John Lindsey: Rapidly falling barometric pressure is ‘the bomb’

John Lindsey: Rapidly falling barometric pressure is ‘the bomb’

Back Bay Rainbow

Bands of convective rain showers with periods of sunshine produced numerous rainbows throughout the Central Coast, like this one photographed Wednesday over Morro Bay at Baywood Park.

Meteorologists often express air pressure in units called millibars. The standard atmospheric pressure is 1,013.25 millibars, or 29.92 inches of mercury, at sea level.

Depending on the surrounding atmospheric conditions, levels above this may be considered areas of high pressure.

High pressure usually produces clear and dry weather. On the flip side, and once again, depending on the surrounding atmospheric conditions, levels below standard atmosphere are areas of low pressure.

Along the Central Coast, I consider anything less than 990 millibars to be a deep low-pressure system.

Last Tuesday, Nov. 26, a record-breaking low-pressure system off the Oregon coastline produced the season’s first significant rain along the Central Coast over the Thanksgiving Holiday as the associated cold front moved through our area.

John Lindsey mug shot


This system was a 972-millibar “bomb-cyclone” that slammed into the Oregon coastline, with sustained southerly winds that reached 85 mph and gusts to 106 mph at Cape Blanco.

The term “bomb cyclone” is used to describe a rapidly intensifying low-pressure system over a 24-hour time frame.

To be classified as a meteorological bomb, a storm needs to lower by 24 millibars in 24 hours. Tuesday’s tempest off Oregon dropped 43 millibars in 24 hours.

So, what caused that storm to explode? Relatively warm air from the south moved northward, while a 150-mph jet stream brought frigid air from the arctic southward, producing a cyclonic wind shear.

Like two hands going in opposite directions as they roll over a pencil between them, the opposing flows quickly lowered the storm’s pressure.

Typically, the lower the atmospheric pressure within a storm, the stronger the winds and greater amount of precipitation it can produce.

Synoptic conditions near the low-pressure area and topography on the land are also crucial in determining winds, rain, snowfall and waves.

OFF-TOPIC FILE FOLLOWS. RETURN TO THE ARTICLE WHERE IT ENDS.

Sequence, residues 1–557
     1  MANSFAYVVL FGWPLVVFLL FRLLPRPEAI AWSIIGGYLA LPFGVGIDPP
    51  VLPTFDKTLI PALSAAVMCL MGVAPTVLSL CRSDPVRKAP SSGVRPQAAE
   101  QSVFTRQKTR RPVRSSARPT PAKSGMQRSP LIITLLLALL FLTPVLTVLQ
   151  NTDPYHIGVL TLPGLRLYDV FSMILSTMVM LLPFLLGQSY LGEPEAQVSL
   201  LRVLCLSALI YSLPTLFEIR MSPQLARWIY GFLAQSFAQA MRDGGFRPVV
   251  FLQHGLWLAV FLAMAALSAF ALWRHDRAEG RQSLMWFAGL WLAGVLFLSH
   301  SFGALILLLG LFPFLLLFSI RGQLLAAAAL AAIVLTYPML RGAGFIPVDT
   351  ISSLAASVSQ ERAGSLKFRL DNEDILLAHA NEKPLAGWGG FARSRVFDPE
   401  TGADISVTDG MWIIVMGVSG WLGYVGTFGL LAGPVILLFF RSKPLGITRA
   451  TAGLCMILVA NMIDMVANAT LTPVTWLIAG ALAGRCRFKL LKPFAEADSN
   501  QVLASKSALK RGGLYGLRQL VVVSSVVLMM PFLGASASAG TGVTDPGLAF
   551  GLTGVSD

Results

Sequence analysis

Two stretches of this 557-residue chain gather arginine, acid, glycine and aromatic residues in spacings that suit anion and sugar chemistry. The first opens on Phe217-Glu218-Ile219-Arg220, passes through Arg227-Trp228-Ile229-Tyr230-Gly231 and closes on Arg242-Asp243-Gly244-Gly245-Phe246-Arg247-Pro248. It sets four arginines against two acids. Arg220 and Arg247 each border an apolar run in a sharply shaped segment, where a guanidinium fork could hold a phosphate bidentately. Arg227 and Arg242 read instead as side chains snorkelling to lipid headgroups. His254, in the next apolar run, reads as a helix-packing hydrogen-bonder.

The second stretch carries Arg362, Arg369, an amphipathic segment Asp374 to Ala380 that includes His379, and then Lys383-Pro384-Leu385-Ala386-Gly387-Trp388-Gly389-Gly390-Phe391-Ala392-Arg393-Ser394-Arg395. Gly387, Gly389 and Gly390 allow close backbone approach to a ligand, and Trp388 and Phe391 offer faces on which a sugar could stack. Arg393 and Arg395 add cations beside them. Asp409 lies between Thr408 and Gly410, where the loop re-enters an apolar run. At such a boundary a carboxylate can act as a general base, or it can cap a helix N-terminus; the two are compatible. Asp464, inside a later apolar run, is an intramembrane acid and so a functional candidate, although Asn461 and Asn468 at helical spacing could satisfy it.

Hurricane-force winds blowing across the Pacific Ocean off the Oregon and Northern California coastline Tuesday generated a huge combined sea and swell. The Humboldt Bay Waverider Buoy reached 37 feet with a 15-second period, one of the highest significant wave events recorded at that location.

Near the California-Oregon border at the Crescent City Airport, the storm dropped the atmospheric pressure to 973.4 millibars, or 28.69 inches of mercury, smashing the previous all-time low-pressure reading of 977 millibars in California.

The southerly winds at the airport reached 56 mph sustained, with gusts to 69 mph.

Those pressure readings are remarkable. The lowest readings I have seen along the Central Coast occurred in 2010.

On Jan. 21 that year, an intense low-pressure system moved down the California coastline. The barometer at the Cape San Martin marine buoy, 55 miles west-northwest of Morro Bay, reached 978.3 millibars, while the Diablo Canyon Ocean Lab barometer decreased to 978.7 millibars.

Later that day, according to Joe Sirard, a meteorologist at the National Weather Service in Oxnard, the pressure dropped to 980 millibars at Los Angeles International Airport, setting a record for that location since readings began in 1931.

The lowest sea-level pressure ever recorded worldwide was 870 millibars when Typhoon Tip passed Guam and rapidly intensified as it moved toward Japan during October 1979.

Eight ships were grounded or sank as a result of the typhoon. Tragically, 13 U.S. Marines lost their lives at Camo Fuji in Japan.

* * *

I will give a free presentation about our local weather outlook at the Cass House in Cayucos from 7 to 8 a.m. Thursday, Dec. 5.

Pastries and coffee will be provided by the Cayucos Chamber of Commerce, and all are welcome.

John Lindsey is Pacific Gas and Electric Co.’s Diablo Canyon Power Plant marine meteorologist and a media relations representative. Email him at or follow him on Twitter @PGE_John.


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